Thankfully, Magento has already partially taken care of the backend side and has introduced GraphQL support in numerous parts. You are welcome to read our GraphQL in Magento article to find out more about it.

In our application, we used both the solutions that are already implemented in Magento and those that we created ourselves:

  • Giving examples of the ready-made ones, these include the CMS blocks and customer information.
  • The custom ones are, for instance, the featured product. As you may have noticed, it is very easy to add and remove queries in Magento.

Furthermore, there are different types of GraphQL that can be called when the page loads. There are common cases when we need to get general information about the user (e.g. we need to find out the user’s status and if he’s authorized or not), data on general store settings, or some data for analytics. To do this, we will receive such data every time the page loads via GraphQL and use it for each of the user’s sessions.

Now let’s overview what needs to be done on the backend side.

Step 1: Creating a module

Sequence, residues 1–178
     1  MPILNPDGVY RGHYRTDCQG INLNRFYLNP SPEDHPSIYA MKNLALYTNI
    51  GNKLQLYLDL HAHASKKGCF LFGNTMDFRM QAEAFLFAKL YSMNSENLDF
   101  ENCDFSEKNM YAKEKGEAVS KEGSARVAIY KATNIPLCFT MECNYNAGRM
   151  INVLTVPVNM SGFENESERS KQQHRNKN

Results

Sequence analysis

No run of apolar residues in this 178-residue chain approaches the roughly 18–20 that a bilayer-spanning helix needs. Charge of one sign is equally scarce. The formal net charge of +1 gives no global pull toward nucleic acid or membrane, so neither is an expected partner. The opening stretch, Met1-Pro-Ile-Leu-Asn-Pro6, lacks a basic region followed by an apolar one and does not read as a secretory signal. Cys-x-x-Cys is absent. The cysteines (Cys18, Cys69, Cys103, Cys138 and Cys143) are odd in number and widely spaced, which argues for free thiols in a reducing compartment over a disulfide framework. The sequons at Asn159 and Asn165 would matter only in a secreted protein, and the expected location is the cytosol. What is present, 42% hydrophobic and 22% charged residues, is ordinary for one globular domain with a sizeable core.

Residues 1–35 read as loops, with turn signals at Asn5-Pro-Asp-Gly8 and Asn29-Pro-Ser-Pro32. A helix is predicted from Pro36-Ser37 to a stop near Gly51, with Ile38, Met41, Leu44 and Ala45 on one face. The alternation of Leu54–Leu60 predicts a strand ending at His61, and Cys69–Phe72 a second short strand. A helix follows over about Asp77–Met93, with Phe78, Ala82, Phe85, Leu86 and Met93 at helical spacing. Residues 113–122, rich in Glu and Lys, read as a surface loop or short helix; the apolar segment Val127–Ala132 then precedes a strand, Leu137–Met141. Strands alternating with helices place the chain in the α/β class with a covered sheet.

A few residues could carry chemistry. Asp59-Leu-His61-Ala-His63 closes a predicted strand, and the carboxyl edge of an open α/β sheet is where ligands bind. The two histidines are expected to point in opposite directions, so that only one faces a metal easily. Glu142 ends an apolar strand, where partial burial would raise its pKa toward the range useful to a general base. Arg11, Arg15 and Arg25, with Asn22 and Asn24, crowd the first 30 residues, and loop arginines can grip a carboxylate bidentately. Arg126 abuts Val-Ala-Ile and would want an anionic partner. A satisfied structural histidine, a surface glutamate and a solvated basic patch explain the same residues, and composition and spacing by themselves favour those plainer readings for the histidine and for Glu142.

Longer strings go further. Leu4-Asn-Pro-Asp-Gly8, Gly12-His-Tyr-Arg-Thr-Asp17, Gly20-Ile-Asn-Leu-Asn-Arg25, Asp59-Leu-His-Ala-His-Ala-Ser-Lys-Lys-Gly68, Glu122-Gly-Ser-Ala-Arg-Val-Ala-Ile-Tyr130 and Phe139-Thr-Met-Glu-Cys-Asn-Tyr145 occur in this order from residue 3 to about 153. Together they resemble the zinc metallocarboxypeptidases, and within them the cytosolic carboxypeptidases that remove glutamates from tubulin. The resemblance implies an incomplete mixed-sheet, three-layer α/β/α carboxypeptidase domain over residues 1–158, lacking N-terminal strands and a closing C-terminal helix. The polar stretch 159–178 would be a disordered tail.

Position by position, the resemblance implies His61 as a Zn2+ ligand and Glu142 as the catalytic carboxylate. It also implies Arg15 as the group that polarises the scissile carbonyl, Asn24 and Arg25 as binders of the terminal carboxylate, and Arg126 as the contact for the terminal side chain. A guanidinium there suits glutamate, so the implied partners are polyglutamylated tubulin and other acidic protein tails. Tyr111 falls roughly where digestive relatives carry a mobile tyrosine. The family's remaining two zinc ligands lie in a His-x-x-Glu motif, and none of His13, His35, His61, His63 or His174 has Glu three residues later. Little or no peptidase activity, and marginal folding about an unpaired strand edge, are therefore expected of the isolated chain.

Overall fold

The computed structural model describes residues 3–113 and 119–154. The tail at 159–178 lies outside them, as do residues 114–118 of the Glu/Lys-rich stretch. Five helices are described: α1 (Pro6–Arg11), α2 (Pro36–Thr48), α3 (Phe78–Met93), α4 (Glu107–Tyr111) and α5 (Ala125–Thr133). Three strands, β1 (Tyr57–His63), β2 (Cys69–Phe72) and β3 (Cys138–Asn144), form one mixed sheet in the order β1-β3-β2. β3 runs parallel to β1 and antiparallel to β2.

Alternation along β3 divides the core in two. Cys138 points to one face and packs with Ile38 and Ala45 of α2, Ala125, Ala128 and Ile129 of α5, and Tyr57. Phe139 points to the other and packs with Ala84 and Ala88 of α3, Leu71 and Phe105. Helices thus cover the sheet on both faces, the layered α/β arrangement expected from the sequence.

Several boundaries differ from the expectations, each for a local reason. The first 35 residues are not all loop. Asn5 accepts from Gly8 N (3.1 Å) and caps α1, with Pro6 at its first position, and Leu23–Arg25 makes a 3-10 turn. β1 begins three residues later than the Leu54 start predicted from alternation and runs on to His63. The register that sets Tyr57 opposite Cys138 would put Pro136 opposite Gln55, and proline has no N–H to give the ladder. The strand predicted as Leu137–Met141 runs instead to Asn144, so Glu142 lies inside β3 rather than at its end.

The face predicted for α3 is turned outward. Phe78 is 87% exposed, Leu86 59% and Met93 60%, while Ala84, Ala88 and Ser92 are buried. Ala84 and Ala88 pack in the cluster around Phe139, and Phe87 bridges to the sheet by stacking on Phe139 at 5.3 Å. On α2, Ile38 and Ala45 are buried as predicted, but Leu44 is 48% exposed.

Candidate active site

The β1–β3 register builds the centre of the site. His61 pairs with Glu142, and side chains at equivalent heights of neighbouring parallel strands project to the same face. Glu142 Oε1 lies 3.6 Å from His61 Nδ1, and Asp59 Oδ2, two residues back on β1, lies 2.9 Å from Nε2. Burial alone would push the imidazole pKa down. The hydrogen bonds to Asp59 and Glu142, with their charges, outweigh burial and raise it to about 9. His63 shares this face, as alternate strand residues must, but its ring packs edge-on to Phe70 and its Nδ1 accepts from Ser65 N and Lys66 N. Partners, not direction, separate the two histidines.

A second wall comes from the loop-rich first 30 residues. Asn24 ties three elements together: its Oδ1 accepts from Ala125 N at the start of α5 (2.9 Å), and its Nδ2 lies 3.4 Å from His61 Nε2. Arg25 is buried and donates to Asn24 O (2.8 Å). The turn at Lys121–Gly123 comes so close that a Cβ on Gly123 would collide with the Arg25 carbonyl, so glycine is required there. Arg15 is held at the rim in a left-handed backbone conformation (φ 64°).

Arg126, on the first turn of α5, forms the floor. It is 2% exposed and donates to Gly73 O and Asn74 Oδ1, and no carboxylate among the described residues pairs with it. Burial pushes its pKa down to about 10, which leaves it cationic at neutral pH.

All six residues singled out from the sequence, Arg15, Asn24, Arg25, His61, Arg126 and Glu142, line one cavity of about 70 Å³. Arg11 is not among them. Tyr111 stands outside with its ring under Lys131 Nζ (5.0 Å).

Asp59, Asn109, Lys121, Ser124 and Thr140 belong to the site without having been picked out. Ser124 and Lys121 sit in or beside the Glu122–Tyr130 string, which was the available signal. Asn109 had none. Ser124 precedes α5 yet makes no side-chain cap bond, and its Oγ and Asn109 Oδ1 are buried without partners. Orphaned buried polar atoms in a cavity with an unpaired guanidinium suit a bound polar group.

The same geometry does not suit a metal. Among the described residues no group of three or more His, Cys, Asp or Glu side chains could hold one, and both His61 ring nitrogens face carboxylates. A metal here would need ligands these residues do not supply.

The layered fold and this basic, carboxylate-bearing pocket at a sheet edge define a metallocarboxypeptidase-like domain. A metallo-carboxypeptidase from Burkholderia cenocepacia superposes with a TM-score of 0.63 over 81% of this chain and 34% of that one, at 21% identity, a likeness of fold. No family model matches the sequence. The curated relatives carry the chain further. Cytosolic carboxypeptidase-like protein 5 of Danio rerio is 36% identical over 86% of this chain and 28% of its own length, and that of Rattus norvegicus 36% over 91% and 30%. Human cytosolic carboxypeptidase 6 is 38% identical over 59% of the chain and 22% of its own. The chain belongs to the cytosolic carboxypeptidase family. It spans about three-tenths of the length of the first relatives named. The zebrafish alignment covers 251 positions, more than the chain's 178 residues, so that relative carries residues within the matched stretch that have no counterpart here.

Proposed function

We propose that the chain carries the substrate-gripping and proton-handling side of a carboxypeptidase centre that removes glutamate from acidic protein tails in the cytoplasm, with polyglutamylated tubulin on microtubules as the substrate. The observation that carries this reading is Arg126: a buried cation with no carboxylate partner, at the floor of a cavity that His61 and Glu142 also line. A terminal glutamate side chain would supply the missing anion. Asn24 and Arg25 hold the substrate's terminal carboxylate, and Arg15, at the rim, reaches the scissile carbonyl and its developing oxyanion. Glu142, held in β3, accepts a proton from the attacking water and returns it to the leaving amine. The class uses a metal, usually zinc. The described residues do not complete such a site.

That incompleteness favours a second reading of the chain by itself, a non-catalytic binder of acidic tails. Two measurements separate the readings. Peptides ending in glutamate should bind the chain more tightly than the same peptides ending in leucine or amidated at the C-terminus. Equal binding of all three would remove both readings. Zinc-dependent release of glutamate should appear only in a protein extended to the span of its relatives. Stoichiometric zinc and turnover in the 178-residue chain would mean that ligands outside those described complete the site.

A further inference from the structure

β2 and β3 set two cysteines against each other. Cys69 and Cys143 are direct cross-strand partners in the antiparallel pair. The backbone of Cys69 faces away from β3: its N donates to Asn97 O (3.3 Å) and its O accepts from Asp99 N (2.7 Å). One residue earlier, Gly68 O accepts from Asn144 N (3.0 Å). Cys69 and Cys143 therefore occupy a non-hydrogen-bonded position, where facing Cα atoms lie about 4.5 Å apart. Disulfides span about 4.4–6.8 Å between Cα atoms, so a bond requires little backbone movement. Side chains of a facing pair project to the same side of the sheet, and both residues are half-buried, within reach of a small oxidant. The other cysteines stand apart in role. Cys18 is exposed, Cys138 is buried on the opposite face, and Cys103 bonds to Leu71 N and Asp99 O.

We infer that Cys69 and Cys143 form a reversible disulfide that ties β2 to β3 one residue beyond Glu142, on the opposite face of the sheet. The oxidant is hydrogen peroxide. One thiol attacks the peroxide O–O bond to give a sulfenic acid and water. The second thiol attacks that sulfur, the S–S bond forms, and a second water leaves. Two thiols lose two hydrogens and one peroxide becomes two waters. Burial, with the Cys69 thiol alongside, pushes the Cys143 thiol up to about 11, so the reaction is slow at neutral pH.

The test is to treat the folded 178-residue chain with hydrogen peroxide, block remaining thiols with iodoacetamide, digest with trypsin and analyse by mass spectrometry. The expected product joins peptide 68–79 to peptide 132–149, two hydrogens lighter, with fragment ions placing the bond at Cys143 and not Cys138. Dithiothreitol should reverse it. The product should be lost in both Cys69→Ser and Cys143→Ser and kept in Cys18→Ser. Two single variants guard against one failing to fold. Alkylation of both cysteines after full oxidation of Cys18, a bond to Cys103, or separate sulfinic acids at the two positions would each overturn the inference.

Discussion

We’ll start by creating a module on Magento 2. Several files are required for that. First of all, make a folder for the module in which we indicate the organization name “MyHomepage” and the module name “Slider”.

Next, move on to creating the files that will be needed for the module to function.

After that, run the following command.

Step 2: Describing the GraphQL

In order to make it possible for the products to be visible within the slider on our PWA’s homepage, organize GraphQL query processing to receive the product data. In the code below, is an example of how to indicate the data structure and the type in which it can be submitted.

Next, make a resolver that’ll provide the data that was queried.

After you’re finished with the GraphQL part, clear the cache prior to launching the application.

4. Service Workers in eCommerce: How to Use & Create Them

A service worker (or SW) is a Javascript file that runs in a separate thread in the browser. It is used in PWAs to speed up page loading thanks to the caching of static files and requests.